The controversial Waimea dam project was a hot topic of the 2016 Tasman District Council elections and it seems little has changed in 2019.
A query on the $104.4 million dam, now under construction in the Lee Valley, was the first of seven questions from the community at a gathering of the four mayoral and 10 Moutere-Waimea Ward candidates in Mapua on Monday evening. The candidates were asked about their commitment to seeing the project completed and keeping ratepayers informed of its progress and financial outcome.
Several candidates pointed out the decision to build the dam and been made and outlined how they would deal with that legacy.
Mayoral candidate Tim King, a long-time deputy mayor and supporter of the project, said it wouldn’t come as any great surprise that he was 100 per cent committed to ensuring the dam was completed “hopefully, on time and on budget”.
“Currently, that responsibility is not directly with the Tasman District Council, it’s with the joint-venture company [Waimea Water Ltd] between the council and Waimea Irrigators.”
The public could hear regular reports presented to the council from Waimea Water to keep informed of the project’s progress, King said.
Fellow mayoral aspirant Brent Maru said he was committed to transparency.
Those elected would have to take responsibility for keeping ratepayers informed of the project’s progress.
“That is the legacy of the decision that has been made,” Maru said. “It goes beyond the dam [to] transparency across everything.”
Returning mayoral candidate Maxwell Clark said the legacy would become a difficult road and financially crippling.
“As mayor, I will review all the commercial documents on this dam … and I will meet with the Government ministers,” Clark said.
The fourth mayoral candidate, Dean McNamara, who is a first-term Moutere-Waimea Ward councillor and is also standing for re-election to the ward, said he initially voted for the dam when “it was essentially a user pays-funded model”.
“When it started to stray away from that and when I had some engineering questions that weren’t being answered, I started to vote against it,” McNamara said.
Decisions made in the latter stages “left me gobsmacked and we’re now contractually locked in”.
“It is what it is and we’ve been set up so I hope it comes in on budget,” McNamara said.
Ward councillor candidate Christeen Mackenzie said it was Waimea Water’s role to ensure the dam came in on time, budget and scope.
“The role of the council is to monitor and govern the performance of Waimea Water Ltd,” Mackenzie said. “I’ve spent the past decade leading, governing and overseeing significant projects.’
First-term ward councillor Anne Turley, who is running for re-election, said she was never against water augmentation but did vote against the dam.
She outlined a range of concerns including a “flawed” funding model, cost overruns above $3m falling on ratepayers, the geological and seismic risks and that there would be no pipes to supply water directly to points of use.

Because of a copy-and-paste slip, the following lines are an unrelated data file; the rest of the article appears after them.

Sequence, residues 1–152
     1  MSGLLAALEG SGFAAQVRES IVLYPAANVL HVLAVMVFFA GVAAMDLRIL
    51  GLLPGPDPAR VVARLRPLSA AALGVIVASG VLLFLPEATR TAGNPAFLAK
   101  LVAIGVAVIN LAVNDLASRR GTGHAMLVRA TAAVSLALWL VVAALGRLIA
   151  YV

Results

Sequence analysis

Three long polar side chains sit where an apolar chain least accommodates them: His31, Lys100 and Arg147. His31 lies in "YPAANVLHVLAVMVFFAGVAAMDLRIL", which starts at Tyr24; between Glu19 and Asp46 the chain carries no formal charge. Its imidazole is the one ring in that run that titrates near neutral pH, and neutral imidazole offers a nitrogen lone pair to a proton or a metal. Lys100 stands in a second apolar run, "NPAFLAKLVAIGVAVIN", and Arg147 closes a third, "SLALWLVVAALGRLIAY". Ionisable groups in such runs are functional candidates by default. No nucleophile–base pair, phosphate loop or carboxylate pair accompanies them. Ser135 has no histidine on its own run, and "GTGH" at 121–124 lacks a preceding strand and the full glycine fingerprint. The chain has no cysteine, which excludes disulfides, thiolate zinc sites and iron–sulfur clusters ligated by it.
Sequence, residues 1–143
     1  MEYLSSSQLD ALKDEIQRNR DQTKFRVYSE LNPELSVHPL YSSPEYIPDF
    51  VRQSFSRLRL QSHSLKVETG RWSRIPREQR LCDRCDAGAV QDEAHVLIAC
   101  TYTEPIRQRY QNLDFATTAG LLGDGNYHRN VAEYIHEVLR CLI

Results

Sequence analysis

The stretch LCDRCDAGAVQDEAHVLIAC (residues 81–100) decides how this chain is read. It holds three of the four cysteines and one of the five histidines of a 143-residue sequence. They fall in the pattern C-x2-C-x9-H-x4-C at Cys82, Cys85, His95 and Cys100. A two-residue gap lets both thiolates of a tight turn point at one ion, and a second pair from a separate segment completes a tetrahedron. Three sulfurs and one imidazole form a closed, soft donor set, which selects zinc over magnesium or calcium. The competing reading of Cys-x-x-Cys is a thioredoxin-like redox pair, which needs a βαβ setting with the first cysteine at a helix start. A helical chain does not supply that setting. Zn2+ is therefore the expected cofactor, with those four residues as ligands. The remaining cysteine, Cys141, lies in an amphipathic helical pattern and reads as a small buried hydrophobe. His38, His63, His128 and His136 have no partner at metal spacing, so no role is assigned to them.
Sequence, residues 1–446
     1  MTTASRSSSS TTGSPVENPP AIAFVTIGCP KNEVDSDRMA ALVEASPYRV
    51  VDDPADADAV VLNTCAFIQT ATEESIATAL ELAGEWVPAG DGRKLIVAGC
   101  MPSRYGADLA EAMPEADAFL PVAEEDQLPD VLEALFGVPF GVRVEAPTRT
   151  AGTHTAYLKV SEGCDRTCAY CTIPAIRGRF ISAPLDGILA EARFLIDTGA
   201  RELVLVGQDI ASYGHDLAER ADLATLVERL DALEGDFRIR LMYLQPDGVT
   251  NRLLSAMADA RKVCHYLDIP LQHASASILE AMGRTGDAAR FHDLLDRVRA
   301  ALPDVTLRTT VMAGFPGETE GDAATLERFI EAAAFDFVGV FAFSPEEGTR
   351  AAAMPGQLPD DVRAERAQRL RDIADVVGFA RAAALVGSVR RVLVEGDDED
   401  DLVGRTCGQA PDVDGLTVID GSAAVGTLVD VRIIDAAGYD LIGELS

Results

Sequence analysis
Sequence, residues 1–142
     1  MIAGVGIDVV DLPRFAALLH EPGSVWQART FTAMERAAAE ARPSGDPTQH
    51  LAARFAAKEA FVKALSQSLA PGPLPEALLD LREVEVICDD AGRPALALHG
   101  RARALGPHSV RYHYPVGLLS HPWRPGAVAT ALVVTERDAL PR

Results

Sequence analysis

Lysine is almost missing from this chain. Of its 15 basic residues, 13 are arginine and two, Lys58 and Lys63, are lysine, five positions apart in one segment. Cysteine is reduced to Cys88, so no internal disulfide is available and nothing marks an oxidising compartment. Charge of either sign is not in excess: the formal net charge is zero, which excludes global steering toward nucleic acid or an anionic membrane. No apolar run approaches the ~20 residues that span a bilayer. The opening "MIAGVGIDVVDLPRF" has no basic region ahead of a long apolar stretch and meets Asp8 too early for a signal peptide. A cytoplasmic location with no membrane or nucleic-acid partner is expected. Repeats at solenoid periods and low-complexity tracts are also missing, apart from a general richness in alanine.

“However, there is no way that we can stop the dam at the moment, the contracts have been signed,” Turley said.
Candidate Julie Nevin said she understood there was no longer a choice over the dam.
“We’re bound into this and even if we weren’t, I would hesitate to review what was a huge decision in the last term of council,” Nevin said.
She was interested in making the dam a community asset, suggesting hydro power as an example. It seemed sensible to have community-based generation for energy security, she said..
Richard Johns suggested it wasn’t too late for the dam project.
“If I get into council, I would be pushing for a judicial review,” Johns said. “A legal opinion and a judicial review because I think a lot of the decisions … were not legal.”
Julian Eggers said he hadn’t looked into the matter “as such” but water was required for horticulture and agriculture. More might also be needed as the climate warmed.
Elisabeth Siegmund said the dam was a typical example of socialising the costs and capitalising the profits.
Pockets of people had fought hard against it.
“The one thing we could never get was transparency or information or anything that would actually overturn this ludicrous position that will cost us a lot of money and anybody who doesn’t believe that we’re in great financial danger is very, very naive,” Siegmund said.
Don Everitt said 12-18 months ago, he would have been against the project but after changes to the funding model and its inevitability along with the fire and drought over summer, “I came around to the idea that, yes, probably the dam was a good idea but, man, now we have to make sure that it’s managed well”.
Jennifer Beatson said the ship had sailed on the dam decision.
“What I can say is that if I was in council, my expectations would be very clear about it coming in time and on budget,” Beatson said.
Hayden Stevenson said just about everyone he’d spoken to “of worth” about the dam had said it would not come in on budget.
“That’s why I’m running,” Stevenson said. “We’re going to be over budget. The question is how much.”